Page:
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Eurosurveillance, Volume 20, Issue 3, 22 January 2015
Rapid communications
Lactating mothers infected with Ebola virus: EBOV RT-PCR of blood only may be insufficient
  1. Department of Emergency Medicine, Centre Hospitalier Chrétien, Liège, Belgium
  2. Médecins Sans Frontières, Operational Centre Brussels, Guéckédou, Guinea
  3. Department of Emergency Medicine, Columbia University College of Physicians & Surgeons, New York, United States of America
  4. Department of Epidemiology and Social Medicine, University of Antwerp, Antwerp, Belgium
  5. Department of Clinical Sciences, Institute of Tropical Medicine, Antwerp, Belgium
  6. Department of Pediatrics, Infectious and Tropical Diseases, CHR Citadelle, University of Liège , Liège, Belgium
  7. European Mobile Laboratory (EMLab), Hamburg, Germany
  8. Evolutionary Ecology Group, University of Antwerp, Antwerp, Belgium
  9. Bernhard-Nocht-Institute for Tropical Medicine, WHO Collaborating Centre for Arboviruses and Hemorragic Fever Reference and Research, Hamburg, Germany
  10. Institute of Virology, Philipps University of Marburg, Marburg, Germany
  11. Microbiology laboratory and Infectious Diseases Biorepository, L. Spallanzani National Institute for Infectious Diseases, Rome, Italy
  12. Bundeswehr Institute of Microbiology, Munich, Germany
  13. Médecins Sans Frontières, Operational Centre Brussels, Medical Department, Brussels, Belgium
  14. Department of Pediatrics, Neonatology, Cliniques Universitaires Saint-Luc, University Catholique de Louvain, Brussels, Belgium
  15. Department of Infectious and Tropical Diseases, Centre Hospitalier Universitaire Donka, Conakry, Guinea

Citation style for this article: Moreau M, Spencer C, Gozalbes JG, Colebunders R, Lefevre A, Gryseels S, Borremans B, Gunther S, Becker D, Bore JA, Koundouno FR, Di Caro A, Wölfel R, Decroo T, Van Herp M, Peetermans L, Camara AM. Lactating mothers infected with Ebola virus: EBOV RT-PCR of blood only may be insufficient. Euro Surveill. 2015;20(3):pii=21017. Article DOI:
Date of submission: 01 January 2015

We describe two Ebola virus (EBOV) RT-PCR discordant mother–child pairs. In the first, blood from the breastfeeding mother, recovering from EBOV infection, tested negative twice but her urine tested positive. Her child became infected by EBOV and died. In the second, the breastfed child remained EBOV-negative, although the mother’s blood tested positive. We highlight possible benefits of EBOV RT-PCR testing in urine and breast milk and the need for hygiene counselling when those fluids are EBOV-positive.

We report two Ebola virus (EBOV) RT-PCR discordant mother-child pairs that illustrate that EBOV RT-PCR testing of relevant fluids in addition to blood, such as urine and breast milk, may be useful, in certain instances.


The current West African Ebola virus disease (EVD) epidemic is different from all previous EVD outbreaks [1]. Because of its regional and international distribution, the massive strain on the local health systems in the affected countries and the very large number of persons infected, the current outbreak has evolved into a major humanitarian crisis [2].

Offering patient care to breastfeeding Ebola virus (EBOV) infected women and their children in such a setting can be particularly challenging because evidence-based guidelines about breastfeeding are lacking. This report of two EBOV RT-PCR discordant mother-child pairs illustrates possible benefits of EBOV RT-PCR testing in urine and breast milk, not just in blood.

Case 1: mother-child pair

In early October 2014, a woman in her late 30s was referred to the Ebola Treatment Centre (ETC) of Médecins Sans Frontières (MSF) in Guéckédou, Guinea because of general malaise and myalgia. She was accompanied by her asymptomatic, almost exclusively breastfed, six-month-old infant.

The patient had taken care of a relative who had developed symptoms compatible with EBOV in early September and had died 12 days after symptom onset. The patient had also organised the funeral. Two days after the relative’s death, she developed high fever, intense fatigue, headache, muscle and abdominal pain, vomiting and diarrhoea. She was admitted to a local hospital where she received oral and intravenous empirical anti-malaria treatment and antibiotics for three days. The diagnosis was unclear. Although she had symptoms compatible with EBOV infection, she was not tested for EVD as EBOV RT-PCR tests were not available.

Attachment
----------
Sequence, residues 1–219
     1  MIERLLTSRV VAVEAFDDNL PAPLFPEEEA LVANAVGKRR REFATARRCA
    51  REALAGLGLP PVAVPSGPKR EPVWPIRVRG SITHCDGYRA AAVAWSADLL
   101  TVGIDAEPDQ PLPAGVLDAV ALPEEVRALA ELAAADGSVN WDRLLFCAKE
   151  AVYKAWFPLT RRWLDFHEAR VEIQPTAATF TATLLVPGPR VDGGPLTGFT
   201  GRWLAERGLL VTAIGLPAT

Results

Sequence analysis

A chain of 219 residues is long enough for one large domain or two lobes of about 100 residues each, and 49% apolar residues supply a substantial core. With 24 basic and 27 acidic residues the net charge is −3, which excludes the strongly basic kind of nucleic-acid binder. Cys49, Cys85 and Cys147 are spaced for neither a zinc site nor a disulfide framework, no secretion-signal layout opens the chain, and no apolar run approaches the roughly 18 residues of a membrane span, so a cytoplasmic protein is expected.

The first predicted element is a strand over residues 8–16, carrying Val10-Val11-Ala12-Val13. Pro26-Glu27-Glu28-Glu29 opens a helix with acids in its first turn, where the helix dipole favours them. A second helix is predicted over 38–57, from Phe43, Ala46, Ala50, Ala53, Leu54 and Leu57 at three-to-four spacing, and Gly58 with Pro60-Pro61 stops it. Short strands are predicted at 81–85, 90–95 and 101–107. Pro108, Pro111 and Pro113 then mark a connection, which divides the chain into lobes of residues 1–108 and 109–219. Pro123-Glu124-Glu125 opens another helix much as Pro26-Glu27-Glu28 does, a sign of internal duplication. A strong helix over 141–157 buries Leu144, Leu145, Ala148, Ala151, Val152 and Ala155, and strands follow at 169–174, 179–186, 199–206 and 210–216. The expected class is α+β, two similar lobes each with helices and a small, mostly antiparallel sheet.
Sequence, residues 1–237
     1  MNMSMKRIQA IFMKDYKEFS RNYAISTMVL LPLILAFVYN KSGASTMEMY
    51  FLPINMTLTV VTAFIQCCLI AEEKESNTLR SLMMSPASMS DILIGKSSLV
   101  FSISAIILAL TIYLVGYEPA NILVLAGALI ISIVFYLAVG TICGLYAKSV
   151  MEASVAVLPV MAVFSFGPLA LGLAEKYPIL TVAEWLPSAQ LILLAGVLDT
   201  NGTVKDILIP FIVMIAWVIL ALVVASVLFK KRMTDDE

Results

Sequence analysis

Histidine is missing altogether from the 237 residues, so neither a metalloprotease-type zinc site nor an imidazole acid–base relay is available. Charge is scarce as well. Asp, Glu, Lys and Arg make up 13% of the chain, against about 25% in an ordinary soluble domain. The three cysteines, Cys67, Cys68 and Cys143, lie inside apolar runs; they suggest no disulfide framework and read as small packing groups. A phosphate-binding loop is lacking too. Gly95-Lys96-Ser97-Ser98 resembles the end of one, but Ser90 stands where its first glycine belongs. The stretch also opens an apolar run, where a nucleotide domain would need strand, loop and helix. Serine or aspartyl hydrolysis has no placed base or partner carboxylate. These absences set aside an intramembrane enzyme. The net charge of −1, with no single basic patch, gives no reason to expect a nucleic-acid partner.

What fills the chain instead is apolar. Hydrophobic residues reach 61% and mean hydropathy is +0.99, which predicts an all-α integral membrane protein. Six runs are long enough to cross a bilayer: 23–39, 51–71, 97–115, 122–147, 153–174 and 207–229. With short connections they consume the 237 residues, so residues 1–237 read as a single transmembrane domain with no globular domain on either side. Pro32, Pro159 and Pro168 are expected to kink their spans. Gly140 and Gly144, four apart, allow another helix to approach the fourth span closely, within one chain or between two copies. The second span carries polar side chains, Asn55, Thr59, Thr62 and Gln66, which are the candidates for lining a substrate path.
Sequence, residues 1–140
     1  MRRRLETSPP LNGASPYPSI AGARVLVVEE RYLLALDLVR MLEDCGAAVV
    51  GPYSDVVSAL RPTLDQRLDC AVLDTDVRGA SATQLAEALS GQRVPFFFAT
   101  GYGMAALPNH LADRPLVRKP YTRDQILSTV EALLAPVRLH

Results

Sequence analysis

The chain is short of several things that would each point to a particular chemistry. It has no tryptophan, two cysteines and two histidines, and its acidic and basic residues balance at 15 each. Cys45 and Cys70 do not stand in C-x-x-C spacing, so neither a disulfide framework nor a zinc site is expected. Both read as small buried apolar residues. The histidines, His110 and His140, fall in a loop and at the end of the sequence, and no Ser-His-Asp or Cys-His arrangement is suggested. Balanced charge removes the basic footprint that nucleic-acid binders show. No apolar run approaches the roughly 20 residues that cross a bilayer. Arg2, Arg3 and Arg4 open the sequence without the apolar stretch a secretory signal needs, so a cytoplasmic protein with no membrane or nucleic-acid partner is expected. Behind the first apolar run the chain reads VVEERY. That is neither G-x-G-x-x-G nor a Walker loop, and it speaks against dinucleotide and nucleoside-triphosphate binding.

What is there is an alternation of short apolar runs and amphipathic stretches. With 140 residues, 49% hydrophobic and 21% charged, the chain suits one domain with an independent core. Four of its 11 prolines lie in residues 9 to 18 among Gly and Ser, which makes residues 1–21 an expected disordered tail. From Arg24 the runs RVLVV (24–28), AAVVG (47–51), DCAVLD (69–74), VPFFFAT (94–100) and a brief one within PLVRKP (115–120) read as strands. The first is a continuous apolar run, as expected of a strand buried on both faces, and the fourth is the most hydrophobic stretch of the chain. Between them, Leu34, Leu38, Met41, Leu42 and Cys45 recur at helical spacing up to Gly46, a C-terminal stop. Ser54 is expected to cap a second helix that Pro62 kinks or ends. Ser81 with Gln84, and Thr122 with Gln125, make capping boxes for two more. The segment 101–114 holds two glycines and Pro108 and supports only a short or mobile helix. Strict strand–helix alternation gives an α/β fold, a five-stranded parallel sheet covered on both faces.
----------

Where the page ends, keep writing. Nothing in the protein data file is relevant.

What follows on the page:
After three days in hospital, 13 days after the onset of her symptoms, the patient was referred to the ETC of MSF for persistent malaise and myalgia. Upon admission, she was afebrile. Given the clinical history and the high-risk contact, the patient was admitted to the ETC in the ‘suspect’ zone of the ‘high-risk’ area. Her asymptomatic child was housed in a nursery next to the ETC and breastfeeding was stopped. On day 14 of illness, the patient’s EBOV RT-PCR blood test (Realstar Filovirus Screen, RT-PCR Kit 1.0, Altona Diagnostics, Hamburg) as well as a rapid malaria test (SD BIOLINE Malaria Ag P.f, Standard Diagnosics Inc.) were negative.

On the same day (day 14 of illness of the mother), the child developed fever (39.1 °C), diarrhoea and severe weakness; a malaria rapid test was negative but EBOV RT-PCR test was positive (cycle threshold (CT) value 19.80; CT values < 20 are highly positive whereas > 35 are weakly positive).

A second EBOV RT-PCR blood test of the mother, 16 days after symptom onset, remained negative but the urine EBOV RT-PCR test from the same day was positive (CT value 29.09). EBOV RT-PCR test of breast milk performed on day 17 after symptom onset was negative and breastfeeding was restarted. The patient had recovered well and was discharged on the same day but the child passed away three days later.

Case 2: mother-child pair

A woman in her mid-20s developed a febrile syndrome four days after having given birth to a healthy baby and was admitted to an MSF ETC in Guéckédou five days later. We note that a close relative of the patient who was present during the delivery, developed symptoms compatible with EVD on the day following the delivery and died one week later. The patient had taken care of this relative.

Upon admission, the patient’s temperature was 39 °C and she had severe weakness, myalgia, arthralgia, anorexia, dysphagia, hiccups, abdominal pain and diarrhoea. Minor bloody vaginal discharge was noted. An oral antibiotic (cefixime) and anti-malaria treatment were started empirically. On day 6 after onset of illness, a rapid malaria test was negative but an EBOV RT-PCR blood test was positive (CT value 23.92). The clinical course of the patient was favourable and she was declared cured 12 days later (day 18 after onset of illness). After two negative EBOV RT-PCR blood tests, 24 hours apart, she was discharged from hospital. No EBOV RT-PCR of the breast milk was performed.